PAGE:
As we said, Marvel heroes fighting each other goes all the way back to the Golden Age, when Marvel Comics was still known as Timely Comics. The very first Marvel Comics crossover (and yes, we’re counting it that way since it took place in the pages of Marvel Mystery Comics) was a showdown between the original android Human Torch, and Namor the Sub-Mariner, the renegade prince of Atlantis.

It makes total sense – fire and water certainly don’t mix, and even in his earliest adventures, Namor was an anti-hero at best, often raging against the surface world as much as protecting it (he’s still like that, as we’ll quickly learn). But the ‘crossover’ wasn’t exactly what we’d expect from a modern event story.

For one thing, it took place over just two issues of Marvel Mystery Comics (Marvel Mystery Comics #8 and #9), with Human Torch and Namor’s usual features each dedicated to the tale of their fight. Still, the concepts that would later come to define the idea of a superhero crossover are still there, including the idea of multiple chapters showing the events from the perspective of each hero in a longer-than-usual story.

Defining the Marvel vs. Marvel formula

Fantastic Four #25 cover segment

Fantastic Four #25 art (Image credit: Marvel Comics)

When Stan Lee and Jack Kirby, both veteran Timely Comics creators, launched the Marvel Universe around 20 years later with 1961’s Fantastic Four #1 (opens in new tab), they borrowed some philosophical and narrative cues from the Timely years.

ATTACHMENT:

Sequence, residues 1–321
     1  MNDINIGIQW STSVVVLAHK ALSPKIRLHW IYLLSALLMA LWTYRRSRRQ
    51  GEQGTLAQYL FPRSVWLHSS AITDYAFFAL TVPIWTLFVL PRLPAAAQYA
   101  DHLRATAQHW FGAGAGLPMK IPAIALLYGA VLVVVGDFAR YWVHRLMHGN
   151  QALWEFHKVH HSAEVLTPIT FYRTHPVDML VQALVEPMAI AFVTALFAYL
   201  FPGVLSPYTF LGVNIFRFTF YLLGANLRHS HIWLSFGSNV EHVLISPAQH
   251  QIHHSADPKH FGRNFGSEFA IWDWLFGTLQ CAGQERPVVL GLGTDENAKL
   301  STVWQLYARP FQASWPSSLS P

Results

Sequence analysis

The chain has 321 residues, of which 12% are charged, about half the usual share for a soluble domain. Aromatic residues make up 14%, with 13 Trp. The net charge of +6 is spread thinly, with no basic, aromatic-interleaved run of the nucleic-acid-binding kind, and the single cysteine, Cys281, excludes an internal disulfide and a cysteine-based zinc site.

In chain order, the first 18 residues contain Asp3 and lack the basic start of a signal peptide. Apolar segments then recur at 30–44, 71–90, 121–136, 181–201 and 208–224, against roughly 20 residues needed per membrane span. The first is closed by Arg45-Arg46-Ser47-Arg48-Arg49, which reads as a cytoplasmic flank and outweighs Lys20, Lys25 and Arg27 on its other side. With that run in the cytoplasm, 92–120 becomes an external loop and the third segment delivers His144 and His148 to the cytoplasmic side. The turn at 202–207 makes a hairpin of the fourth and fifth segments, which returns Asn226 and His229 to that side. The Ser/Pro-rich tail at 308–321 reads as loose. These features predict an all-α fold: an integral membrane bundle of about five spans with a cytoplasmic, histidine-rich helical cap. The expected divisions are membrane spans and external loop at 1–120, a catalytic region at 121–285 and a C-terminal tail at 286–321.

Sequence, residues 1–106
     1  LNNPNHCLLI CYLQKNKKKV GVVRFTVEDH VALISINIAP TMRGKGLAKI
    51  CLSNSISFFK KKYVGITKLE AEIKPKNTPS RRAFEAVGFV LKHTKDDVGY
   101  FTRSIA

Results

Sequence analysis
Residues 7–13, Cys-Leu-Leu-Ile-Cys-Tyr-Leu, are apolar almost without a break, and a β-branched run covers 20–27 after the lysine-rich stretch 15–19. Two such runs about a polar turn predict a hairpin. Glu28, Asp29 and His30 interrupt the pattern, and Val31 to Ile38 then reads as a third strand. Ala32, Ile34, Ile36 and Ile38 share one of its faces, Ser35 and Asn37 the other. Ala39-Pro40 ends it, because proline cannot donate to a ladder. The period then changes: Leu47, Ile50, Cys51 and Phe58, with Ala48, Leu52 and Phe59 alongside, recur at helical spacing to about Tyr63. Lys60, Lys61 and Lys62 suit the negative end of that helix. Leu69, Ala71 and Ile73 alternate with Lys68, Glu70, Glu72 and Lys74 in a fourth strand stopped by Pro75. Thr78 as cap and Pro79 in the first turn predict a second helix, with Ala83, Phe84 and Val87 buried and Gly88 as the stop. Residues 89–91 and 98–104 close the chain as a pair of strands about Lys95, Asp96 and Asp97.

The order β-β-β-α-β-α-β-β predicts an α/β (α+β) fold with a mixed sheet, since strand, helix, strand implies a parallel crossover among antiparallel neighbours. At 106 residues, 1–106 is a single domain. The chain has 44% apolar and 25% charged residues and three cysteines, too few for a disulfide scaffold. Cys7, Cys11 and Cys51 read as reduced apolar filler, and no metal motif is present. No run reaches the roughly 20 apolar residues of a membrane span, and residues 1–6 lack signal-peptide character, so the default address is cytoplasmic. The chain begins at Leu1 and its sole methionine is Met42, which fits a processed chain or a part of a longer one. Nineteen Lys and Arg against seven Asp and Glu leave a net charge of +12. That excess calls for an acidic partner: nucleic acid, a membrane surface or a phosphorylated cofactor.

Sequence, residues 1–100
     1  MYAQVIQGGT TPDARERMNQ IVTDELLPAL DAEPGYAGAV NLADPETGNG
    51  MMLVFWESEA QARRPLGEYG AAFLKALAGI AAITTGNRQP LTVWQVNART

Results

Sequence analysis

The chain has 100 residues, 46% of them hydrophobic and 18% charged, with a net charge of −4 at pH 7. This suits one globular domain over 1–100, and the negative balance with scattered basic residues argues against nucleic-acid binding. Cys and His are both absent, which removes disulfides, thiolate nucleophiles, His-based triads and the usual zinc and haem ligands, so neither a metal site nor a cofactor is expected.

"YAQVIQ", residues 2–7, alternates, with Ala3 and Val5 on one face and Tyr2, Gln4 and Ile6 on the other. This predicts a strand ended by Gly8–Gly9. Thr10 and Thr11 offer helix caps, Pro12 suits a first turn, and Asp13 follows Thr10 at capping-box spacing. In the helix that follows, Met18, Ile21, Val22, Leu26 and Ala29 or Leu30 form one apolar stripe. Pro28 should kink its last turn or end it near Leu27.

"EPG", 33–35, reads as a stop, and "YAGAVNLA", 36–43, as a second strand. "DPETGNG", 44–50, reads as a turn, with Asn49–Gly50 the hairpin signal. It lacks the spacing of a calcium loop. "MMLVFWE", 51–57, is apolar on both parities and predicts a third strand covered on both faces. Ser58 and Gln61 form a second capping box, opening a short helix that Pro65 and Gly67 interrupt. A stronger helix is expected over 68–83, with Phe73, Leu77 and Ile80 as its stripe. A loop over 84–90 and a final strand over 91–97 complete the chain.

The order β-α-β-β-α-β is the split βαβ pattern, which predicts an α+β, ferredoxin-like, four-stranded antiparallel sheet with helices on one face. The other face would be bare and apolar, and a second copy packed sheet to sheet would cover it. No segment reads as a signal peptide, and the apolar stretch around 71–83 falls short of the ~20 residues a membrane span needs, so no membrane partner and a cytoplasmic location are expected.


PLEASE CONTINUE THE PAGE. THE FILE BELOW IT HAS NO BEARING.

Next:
First and foremost, they baked the idea of superheroes in conflict right into their first Marvel building block, giving the Fantastic Four feet of clay (no pun on the Thing’s rocky form intended) and personal foibles that often led to disagreements and disputes between the familial members of the Fantastic Four.

They also quickly started bringing in actual story elements from the Timely era, not just by rebooting the Human Torch as Johnny Storm of the Fantastic Four, but by almost immediately bringing in Namor as a foe of the team and a romantic rival for Reed Richards, forming a light love triangle with Sue Storm, then Reed’s often tenuous girlfriend.

Namor was just the tip of the iceberg (pun definitely intended here, given they also brought back Timely’s Captain America, frozen in a block of ice a few years later in Avengers), and even as he became a recurring enemy for the Fantastic Four, he also began headlining his own heroic adventures.

Namor – the original anti-hero

Fantastic Four #4 cover segment

Fantastic Four #4 cover art (Image credit: Marvel Comics)

Namor has stayed the figurehead for Marvel’s hero vs. hero ethos over the years, bringing his fellow anti-hero the Hulk into the fray against the Fantastic Four, and teaming up with Doctor Doom off-and-on to this day.

Namor and Hulk essentially embody the gray area (there’s another pun on Hulk’s skin, we’re not even sure if it was intentional this time) often occupied by Marvel’s greatest heroes and taking the idea of superhero disagreement all the way to the extremes of all-out-war, with Namor’s kingdom of Atlantis and Black Panther’s home of Wakanda developing a particularly destructive rivalry in recent years, and Hulk declaring, well, World War Hulk (opens in new tab) on the rest of the Marvel Universe after they attempted to exile him to space in the story Planet Hulk.